Publish date: 26 April 2023

Lung cancer nurse specialist Jeanette talks about her passion for her career almost two decades later on #NationalCancerCNSDay 2023

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Hi, my name is Jeanette and I have worked in the Trust for over 30 years, 17 of which has been as a lung cancer nurse specialist. I work across the base sites and NSECH, and support patients trust wide, providing information, advice and support for patients through their cancer journey, from pre-diagnosis through treatment and beyond including end-of-life care. Although it can be challenging at times, it is also very rewarding, and I feel lucky to be part of a great team of nurses and consultants.

My working week can be quite varied, with a combination of clinic and inpatient reviews as well as providing direct telephone access for patients and carers where we are able offer general advice, symptom management, and work with other services within primary and secondary care to coordinate patient care and reduce unnecessary hospital admissions.

As well as meeting new referrals in clinic at the base sites, we have adapted our service to cover NSECH, as a large proportion of new patients first present via this route. By doing this, we have been able to arrange further investigations, provide contact information for our team, manage symptoms on discharge, and coordinate follow up, which has reduced additional clinic appointments and improved patients experience. One part of the role I particularly enjoy is advocating for patients, ensuring they understand their diagnosis and treatment options, and ensuring they feel part of the decision-making process for their care.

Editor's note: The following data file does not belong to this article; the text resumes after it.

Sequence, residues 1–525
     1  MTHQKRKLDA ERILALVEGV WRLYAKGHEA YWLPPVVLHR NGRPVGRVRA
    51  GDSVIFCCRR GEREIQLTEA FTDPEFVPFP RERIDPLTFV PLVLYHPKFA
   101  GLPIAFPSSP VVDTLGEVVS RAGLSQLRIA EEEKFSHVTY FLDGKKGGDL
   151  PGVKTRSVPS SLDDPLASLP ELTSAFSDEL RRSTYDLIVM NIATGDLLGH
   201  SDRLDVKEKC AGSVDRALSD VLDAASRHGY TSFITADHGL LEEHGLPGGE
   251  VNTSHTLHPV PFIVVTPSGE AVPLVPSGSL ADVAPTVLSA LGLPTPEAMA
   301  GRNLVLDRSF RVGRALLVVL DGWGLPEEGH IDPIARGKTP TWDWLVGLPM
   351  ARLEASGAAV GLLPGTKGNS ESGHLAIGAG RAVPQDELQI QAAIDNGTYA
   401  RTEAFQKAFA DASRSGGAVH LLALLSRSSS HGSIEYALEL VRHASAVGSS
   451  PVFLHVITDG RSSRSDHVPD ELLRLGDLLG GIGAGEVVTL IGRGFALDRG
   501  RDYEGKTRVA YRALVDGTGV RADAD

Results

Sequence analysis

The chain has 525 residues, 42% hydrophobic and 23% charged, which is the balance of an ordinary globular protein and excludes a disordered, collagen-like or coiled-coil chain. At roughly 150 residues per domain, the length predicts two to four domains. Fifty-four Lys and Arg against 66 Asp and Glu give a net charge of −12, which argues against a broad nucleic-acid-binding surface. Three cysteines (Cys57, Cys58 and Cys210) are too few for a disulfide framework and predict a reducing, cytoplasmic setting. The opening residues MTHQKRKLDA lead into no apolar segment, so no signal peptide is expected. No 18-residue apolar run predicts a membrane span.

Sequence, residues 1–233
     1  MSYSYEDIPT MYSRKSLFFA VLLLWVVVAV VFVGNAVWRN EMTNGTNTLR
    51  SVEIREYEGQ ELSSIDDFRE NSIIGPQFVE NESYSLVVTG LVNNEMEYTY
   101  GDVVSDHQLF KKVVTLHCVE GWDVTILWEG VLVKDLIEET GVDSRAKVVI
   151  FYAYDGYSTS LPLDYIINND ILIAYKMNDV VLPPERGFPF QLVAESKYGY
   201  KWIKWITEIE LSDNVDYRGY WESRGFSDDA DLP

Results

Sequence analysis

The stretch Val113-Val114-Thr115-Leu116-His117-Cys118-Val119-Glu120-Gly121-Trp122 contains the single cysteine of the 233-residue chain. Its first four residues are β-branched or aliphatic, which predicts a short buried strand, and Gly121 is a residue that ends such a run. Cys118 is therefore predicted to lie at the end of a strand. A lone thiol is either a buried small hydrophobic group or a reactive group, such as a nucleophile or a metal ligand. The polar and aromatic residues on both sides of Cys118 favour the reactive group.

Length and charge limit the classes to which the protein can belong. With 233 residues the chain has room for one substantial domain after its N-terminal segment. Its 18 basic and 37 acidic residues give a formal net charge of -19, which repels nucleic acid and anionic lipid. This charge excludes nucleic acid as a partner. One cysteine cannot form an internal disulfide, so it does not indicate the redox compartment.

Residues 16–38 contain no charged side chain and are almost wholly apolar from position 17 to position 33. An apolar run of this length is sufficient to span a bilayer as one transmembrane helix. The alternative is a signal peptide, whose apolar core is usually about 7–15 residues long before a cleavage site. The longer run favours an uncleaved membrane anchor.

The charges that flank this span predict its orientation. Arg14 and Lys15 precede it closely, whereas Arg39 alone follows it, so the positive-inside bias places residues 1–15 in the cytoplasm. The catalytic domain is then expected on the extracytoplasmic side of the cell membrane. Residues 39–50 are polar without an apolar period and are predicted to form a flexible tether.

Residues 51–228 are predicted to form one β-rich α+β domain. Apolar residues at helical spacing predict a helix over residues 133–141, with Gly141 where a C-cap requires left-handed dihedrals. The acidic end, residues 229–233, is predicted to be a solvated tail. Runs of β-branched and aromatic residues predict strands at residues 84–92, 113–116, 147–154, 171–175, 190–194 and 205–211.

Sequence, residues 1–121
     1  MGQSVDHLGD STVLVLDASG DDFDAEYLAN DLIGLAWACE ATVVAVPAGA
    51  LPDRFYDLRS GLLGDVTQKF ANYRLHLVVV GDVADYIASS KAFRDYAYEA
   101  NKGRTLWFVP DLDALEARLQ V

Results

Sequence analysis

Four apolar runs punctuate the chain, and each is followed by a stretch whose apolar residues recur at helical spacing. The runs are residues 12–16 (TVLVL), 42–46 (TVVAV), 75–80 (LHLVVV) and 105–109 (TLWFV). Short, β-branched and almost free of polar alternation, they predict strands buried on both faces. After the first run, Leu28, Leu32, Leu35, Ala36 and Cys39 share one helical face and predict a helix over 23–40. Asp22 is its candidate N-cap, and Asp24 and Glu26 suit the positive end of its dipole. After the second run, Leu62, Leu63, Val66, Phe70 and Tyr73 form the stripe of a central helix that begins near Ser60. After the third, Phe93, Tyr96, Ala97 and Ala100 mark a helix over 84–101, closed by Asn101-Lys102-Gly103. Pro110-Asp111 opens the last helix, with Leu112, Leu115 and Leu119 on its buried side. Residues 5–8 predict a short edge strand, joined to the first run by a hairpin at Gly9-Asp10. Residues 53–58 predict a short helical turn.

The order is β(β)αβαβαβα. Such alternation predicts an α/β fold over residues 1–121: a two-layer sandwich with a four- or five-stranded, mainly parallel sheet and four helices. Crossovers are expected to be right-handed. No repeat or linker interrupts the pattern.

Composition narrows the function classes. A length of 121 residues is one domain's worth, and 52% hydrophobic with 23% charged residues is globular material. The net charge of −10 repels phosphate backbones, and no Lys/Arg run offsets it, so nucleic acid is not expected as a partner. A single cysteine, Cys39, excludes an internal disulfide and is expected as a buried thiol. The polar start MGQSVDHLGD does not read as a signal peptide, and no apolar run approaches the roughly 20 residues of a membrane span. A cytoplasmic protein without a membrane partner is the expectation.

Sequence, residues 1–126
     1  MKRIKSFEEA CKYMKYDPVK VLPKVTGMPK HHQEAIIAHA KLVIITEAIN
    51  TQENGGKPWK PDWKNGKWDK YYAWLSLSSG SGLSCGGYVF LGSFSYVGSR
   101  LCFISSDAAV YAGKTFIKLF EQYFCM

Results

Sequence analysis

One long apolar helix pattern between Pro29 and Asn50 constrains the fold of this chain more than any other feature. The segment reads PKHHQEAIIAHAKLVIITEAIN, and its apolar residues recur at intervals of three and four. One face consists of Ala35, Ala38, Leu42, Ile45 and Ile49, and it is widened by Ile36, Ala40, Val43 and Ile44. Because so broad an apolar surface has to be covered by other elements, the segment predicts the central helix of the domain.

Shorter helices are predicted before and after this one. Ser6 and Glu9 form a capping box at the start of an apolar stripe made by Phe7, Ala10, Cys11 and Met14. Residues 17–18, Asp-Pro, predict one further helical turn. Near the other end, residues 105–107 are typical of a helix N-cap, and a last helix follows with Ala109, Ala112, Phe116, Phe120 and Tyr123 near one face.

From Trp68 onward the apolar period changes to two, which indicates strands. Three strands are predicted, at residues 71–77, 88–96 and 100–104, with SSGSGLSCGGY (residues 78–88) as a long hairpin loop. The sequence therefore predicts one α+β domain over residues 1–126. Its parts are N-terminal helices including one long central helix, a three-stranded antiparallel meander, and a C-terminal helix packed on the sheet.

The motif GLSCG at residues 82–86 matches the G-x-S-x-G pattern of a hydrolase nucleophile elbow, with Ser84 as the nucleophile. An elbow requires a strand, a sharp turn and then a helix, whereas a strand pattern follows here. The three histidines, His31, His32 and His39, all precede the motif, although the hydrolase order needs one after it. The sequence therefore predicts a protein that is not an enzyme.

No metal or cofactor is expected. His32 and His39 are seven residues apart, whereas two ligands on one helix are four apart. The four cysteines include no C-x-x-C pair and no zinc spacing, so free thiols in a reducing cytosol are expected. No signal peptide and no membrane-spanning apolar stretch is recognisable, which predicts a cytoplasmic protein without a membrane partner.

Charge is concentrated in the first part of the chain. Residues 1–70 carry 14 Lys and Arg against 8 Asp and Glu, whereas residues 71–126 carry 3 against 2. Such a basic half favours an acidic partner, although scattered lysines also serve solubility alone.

We have recently started a preoptimization clinic for patients who are due to undergo radical treatments such as surgery, radiotherapy or chemoradiation. The aim of this is to optimize patient fitness, nutrition, and wellbeing before treatment, as evidence has shown that improving these areas can make a difference in how well they cope with their treatment and recovery. I’m really enjoying this clinic, as it allows us to address patients questions and concerns post diagnosis, and it also gives patients the opportunity be actively involved in their care and make positive changes. Although it is in its early stages, initial patient feedback has been very encouraging, and we have seen increased referrals to the stop smoking team, which is a positive step.

Our service has also recently been part of an early screening programme in North Tyneside, aiming to identify lung cancers at an early stage, and this has already proven to be very successful, resulting in some patients being referred on for surgery. This programme has now rolled out across Northumberland, which is very positive, and I am looking forward to seeing it develop further and how we can help support this.

During my time in post, the service has grown and changed significantly, and it has been exciting to see the development of newer, more targeted and complex treatments available to patients. As a nursing team, we are constantly looking at how we can help support the new initiatives and services we provide, working closely with oncology and palliative care colleagues to manage patients care – this has provided a great learning opportunity for me and the rest of the team, and although I have been in post for almost two decades, I still feel very passionate about my job.